I also began e-mail relationships with several parents of my students who had food allergies: I would send recipes, hints, advice and also lend an ear to their frustrations with the medical industry not caring about the state of health of our children. The pills prescribed to their children did not make their stomachs feel any better. The zine I made was in honor of those students and I passed them out to any student, parent, and coworker curious about gluten-free, vegan cooking. I started this blog to share even more information. But it’s just not enough. As much as I adore my beautiful, sweet, caring sixth graders, I needed to get out of the classroom and back into a kitchen. It’s only been a month and I miss them like crazy, but I know eventually my two passions, teaching children and healthy, cruelty-free cooking, will intertwine. My family didn’t produce 4 teachers in vain: education is in our blood, and we are passionate, strong educators. It is for now that I say goodbye to teaching, but I know I will find it again.
Henry and I have been in Europe for two weeks now. Our initial excuse to fly to Europe was that Henry received a two week internship position at Nieves, an adorable, independent art book publishing company based in Zurich, Switzerland. We have spent the previous two weeks in Berlin, Prague, and then stunning Croatia, where long hours in the shade of trees and swimming in the crystal clear water gave me time to acknowledge that for the first time in my life, everything feels very right.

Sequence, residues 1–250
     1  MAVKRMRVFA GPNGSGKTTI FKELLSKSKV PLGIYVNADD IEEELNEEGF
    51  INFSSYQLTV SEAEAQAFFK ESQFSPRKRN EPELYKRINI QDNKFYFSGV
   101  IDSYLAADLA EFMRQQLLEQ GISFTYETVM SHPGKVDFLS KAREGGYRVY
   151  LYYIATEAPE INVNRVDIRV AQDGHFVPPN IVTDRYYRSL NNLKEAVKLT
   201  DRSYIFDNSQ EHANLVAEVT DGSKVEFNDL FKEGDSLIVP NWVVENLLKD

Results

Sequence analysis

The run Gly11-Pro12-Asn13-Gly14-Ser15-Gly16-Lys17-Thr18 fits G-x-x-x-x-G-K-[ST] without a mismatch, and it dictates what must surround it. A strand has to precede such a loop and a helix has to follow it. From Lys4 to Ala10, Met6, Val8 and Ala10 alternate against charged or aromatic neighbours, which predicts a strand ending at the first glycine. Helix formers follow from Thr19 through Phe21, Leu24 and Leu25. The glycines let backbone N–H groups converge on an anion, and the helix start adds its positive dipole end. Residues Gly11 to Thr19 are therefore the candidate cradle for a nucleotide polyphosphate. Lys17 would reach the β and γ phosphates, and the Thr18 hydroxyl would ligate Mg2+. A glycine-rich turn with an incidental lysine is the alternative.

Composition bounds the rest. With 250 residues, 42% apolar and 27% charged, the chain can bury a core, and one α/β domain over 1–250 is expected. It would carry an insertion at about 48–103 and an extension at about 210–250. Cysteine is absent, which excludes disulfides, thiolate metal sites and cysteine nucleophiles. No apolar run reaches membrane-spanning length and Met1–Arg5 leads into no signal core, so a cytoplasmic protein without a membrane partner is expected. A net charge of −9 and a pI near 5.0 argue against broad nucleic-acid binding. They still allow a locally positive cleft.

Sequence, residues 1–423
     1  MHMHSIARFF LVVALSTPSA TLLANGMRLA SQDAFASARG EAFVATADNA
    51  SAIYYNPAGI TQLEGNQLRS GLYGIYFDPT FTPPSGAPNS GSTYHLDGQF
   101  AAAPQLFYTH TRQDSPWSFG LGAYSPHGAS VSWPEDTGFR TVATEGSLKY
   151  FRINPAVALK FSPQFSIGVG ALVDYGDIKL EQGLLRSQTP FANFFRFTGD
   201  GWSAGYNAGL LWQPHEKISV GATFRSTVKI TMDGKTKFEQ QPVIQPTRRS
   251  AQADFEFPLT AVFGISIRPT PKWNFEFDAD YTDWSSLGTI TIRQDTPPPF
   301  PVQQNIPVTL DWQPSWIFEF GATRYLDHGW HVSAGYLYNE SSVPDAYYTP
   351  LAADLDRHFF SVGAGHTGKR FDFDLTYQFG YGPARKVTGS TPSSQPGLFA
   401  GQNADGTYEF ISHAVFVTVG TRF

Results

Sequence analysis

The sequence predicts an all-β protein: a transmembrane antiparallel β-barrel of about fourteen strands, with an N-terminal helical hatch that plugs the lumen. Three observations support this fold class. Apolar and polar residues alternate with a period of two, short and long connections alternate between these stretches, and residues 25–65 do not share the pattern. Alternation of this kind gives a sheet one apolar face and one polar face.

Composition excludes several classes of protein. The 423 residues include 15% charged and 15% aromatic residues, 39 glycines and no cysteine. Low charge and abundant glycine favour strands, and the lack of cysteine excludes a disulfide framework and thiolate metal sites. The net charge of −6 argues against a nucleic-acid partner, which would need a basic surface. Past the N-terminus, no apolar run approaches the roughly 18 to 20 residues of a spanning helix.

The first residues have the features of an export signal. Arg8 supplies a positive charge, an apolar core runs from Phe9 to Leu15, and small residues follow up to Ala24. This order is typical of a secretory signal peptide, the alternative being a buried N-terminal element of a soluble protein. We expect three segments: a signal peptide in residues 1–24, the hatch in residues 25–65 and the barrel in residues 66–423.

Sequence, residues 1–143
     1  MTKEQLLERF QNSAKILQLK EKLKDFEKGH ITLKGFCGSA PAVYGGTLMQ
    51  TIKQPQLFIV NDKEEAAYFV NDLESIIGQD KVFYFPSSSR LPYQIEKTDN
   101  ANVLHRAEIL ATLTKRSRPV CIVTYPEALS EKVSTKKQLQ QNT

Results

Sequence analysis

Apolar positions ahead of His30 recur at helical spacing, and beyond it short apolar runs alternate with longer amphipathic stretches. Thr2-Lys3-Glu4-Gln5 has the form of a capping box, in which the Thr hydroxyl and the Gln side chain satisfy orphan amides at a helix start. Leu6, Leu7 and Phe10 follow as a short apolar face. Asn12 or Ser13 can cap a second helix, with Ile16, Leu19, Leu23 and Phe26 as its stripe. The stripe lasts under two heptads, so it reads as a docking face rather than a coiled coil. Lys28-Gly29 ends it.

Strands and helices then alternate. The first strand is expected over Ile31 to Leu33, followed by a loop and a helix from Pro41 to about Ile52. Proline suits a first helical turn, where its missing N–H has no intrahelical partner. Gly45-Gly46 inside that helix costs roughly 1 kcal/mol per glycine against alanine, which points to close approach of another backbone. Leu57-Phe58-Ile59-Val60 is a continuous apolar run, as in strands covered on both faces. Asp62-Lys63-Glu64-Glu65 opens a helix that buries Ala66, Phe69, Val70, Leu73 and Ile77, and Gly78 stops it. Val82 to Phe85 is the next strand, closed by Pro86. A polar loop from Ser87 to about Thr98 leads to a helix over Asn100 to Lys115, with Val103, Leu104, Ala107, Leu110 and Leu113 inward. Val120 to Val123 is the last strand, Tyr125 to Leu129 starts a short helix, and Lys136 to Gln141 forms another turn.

We have made it to Zurich. Months ago, while looking for something to do myself while he was hard at work reading and scanning zines, I found The Vegan Kitchen and made contact with Lauren, the owner. We formed a fast friendship via the internet, and she offered us a place to live in her beautiful top-floor apartment in the heart of Zurich, Langstrasse. Henry goes to work in the day and Lauren and I roam the city, sometimes on bike, and she shows me the best farmers’ markets with local, organic vegetables, the best swimming and nature spots, and shares her vast library of cookbooks while we plan events in her Vegan Kitchen space. This Friday, we are hosting a fake wedding party, centered around the notion that I can make a vegan wedding cake. The details of the event unfolded over a drink at Xenix, a nice bar nearby with outdoor seating in the cool Zurich weather.
When we leave Europe, we will be living in New York City, where I plan to find a full-time kitchen position in a restaurant that cares about the quality of its ingredients as much as it cares about its customers. I am so happy and thankful for the supportive people in my life who urged me to jump off the cliff and build my wings on the way down.